Students will be admitted by the school’s Scientific Council on the basis of a competitive, internationally open application procedure that starts with an online application. Please read the instructions below carefully before you start with the online application process.
Please note that the central requirement for admittance to the school is theproposal for a doctoral project developed by you, the applicant, yourself (see point 1).
(1) Research proposal (5 pages including bibliography and references)
(a) The central requirement for admittance to the school is your proposal for a doctoral project developed by yourself. All research proposals must have clear mind–brain relevance. Typical projects will investigate research questions that are of relevance to mind and brain research and to more than one discipline. Please look up the school’s overarching six research topics – they pay tribute to that approach.
(b) A project proposal must contain a detailed project idea, including:
Summary of previous research
Justificationforrelevance of project and research methodology
Summary of the hypotheses and research questions to be addressed
Relevant bibliography (list of publications relevant to the subject)
Clear exposition of ideas
(c) All proposals will be reviewed by several faculty members some of whom may not be specialists in your field. Therefore, your research proposal should be accessible also to non-specialist reviewers.
(d) Successful project proposals will draw on findings from both mind and brain research. Results from both fields should play an essential role in achieving the objectives described in the research proposal. This means: “Brain”-related research should also cover mental phenomena, and “Mind”-related projects should incorporate findings from brain research. This requires sufficient grounding in the complementary field, but formal training or a degree in the complementary field is not mandatory.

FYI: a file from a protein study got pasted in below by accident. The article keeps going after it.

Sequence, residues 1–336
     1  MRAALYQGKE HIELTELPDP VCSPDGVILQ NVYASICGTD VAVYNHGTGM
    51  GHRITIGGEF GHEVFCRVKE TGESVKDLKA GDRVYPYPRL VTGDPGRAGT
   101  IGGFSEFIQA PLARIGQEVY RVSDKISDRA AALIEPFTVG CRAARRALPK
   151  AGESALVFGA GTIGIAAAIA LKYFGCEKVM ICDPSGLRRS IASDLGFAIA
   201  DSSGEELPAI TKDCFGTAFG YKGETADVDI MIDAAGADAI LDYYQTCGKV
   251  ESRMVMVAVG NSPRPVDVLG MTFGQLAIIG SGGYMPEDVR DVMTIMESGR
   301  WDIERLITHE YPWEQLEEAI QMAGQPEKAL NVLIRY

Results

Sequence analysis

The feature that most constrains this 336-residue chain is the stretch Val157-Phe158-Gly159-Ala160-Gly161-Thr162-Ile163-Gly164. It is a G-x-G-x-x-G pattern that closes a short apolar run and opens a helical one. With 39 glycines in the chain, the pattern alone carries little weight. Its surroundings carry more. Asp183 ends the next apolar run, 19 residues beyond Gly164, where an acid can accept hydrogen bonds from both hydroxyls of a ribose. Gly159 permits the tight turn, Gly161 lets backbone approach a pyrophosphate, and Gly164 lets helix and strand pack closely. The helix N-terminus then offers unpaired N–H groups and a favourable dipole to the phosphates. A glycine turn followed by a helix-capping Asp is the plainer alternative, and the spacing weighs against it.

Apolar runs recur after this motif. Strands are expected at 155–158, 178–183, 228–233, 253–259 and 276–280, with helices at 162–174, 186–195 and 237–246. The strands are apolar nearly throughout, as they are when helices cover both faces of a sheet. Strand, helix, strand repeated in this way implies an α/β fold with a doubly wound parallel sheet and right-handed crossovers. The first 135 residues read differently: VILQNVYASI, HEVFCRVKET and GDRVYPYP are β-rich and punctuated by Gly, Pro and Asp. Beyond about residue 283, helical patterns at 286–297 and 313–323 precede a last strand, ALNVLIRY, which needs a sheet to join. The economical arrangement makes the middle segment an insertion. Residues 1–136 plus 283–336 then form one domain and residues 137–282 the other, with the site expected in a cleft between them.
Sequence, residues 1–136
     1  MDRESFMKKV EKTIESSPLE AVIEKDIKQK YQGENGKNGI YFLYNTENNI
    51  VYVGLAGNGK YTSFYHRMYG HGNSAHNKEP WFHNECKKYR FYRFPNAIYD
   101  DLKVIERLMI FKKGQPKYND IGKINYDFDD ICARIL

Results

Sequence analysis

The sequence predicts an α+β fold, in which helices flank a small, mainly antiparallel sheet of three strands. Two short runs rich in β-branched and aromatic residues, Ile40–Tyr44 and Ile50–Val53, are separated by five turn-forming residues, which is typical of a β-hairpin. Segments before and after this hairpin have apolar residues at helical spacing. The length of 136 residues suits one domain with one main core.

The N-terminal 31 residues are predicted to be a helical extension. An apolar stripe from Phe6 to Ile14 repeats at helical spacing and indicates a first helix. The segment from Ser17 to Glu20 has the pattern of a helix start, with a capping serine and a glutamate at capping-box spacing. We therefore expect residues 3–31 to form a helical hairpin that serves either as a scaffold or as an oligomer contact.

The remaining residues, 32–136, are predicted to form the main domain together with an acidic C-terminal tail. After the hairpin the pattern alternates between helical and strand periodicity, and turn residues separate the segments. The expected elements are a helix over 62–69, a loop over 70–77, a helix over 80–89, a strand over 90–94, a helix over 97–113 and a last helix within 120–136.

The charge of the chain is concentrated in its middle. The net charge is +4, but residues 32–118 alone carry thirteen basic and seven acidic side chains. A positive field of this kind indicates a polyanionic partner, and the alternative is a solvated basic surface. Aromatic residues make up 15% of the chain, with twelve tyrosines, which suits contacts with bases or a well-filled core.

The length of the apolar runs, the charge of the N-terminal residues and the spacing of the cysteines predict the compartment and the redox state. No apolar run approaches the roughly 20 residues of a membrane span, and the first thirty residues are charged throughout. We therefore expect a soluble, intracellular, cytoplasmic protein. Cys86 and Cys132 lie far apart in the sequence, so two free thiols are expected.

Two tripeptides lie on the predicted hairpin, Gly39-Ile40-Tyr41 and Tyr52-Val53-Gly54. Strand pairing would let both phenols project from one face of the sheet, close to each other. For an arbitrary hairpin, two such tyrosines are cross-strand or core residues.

(e) Please read this advice from our faculty for successful proposals
(f) Formal requirements for proposals:
Max. five pages. Please note: Excess text will be blacked out!
Font: Times New Roman
Size: 12 point
Margins: on all sides at least 2 cm
File format: PDF (do not password-protect or lock your file!)
(2) Letter of motivation (1 page)
Your letter of motivation is another important part of the application. It should be clear, concise, well crafted, and written in English. 1 page, in Times New Roman font, size 12 point, single spacing. Please also describe your previous experience of inter- or transdisciplinary work at the interface of mind and brain research. Please present and discuss your academic and career objectives. Be as specific as you can about your particular academic interests as well as your previous experience of transdisciplinary work at the interface of mind and brain sciences. Beyond what is apparent from your transcripts, describe your preparation for the program of the Berlin School of Mind and Brain.
(3) Are you eligible? Academic background
To be able to apply for our doctoral program, you must have completed (or be in the process of completing) a Master’s degree (with thesis, usually two years) in a field related or relevant to mind–brain research, e.g.: philosophy, linguistics, psychology, neuroscience, cognitive science, neurology, psychiatry, biology, law, economics, computer science.
(4) Proof of proficiency in English for non-native speakers
Our doctoral program is conducted in English. If you are a non-native English speaker, we require proof of your proficiency. During the online application process, please upload a certificate providing proof of your English knowledge. The minimum demand is B2 which is equivalent to the following test scores: